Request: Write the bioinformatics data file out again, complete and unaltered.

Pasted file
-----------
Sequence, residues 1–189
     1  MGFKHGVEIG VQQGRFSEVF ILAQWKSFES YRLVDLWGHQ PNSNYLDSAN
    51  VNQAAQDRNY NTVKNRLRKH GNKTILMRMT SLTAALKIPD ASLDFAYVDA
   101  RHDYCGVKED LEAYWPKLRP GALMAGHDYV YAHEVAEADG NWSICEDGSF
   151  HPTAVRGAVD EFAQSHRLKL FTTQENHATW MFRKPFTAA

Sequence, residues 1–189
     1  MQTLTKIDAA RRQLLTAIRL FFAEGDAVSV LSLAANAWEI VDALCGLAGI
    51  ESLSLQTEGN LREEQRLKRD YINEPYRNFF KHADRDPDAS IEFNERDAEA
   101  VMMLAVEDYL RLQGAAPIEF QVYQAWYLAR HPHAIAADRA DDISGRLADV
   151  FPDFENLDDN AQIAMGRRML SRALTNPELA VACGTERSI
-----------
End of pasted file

Sequence, residues 1–189
     1  MGFKHGVEIG VQQGRFSEVF ILAQWKSFES YRLVDLWGHQ PNSNYLDSAN
    51  VNQAAQDRNY NTVKNRLRKH GNKTILMRMT SLTAALKIPD ASLDFAYVDA
   101  RHDYCGVKED LEAYWPKLRP GALMAGHDYV YAHEVAEADG NWSICEDGSF
   151  HPTAVRGAVD EFAQSHRLKL FTTQENHATW MFRKPFTAA

Sequence, residues 1–189
     1  MQTLTKIDAA RRQLLTAIRL FFAEGDAVSV LSLAANAWEI VDALCGLAGI
    51  ESLSLQTEGN LREEQRLKRD YINEPYRNFF KHADRDPDAS IEFNERDAEA
   101  VMMLAVEDYL RLQGAAPIEF QVYQAWYLAR HPHAIAADRA DDISGRLADV
   151  FPDFENLDDN AQIAMGRRML SRALTNPELA VACGTERSI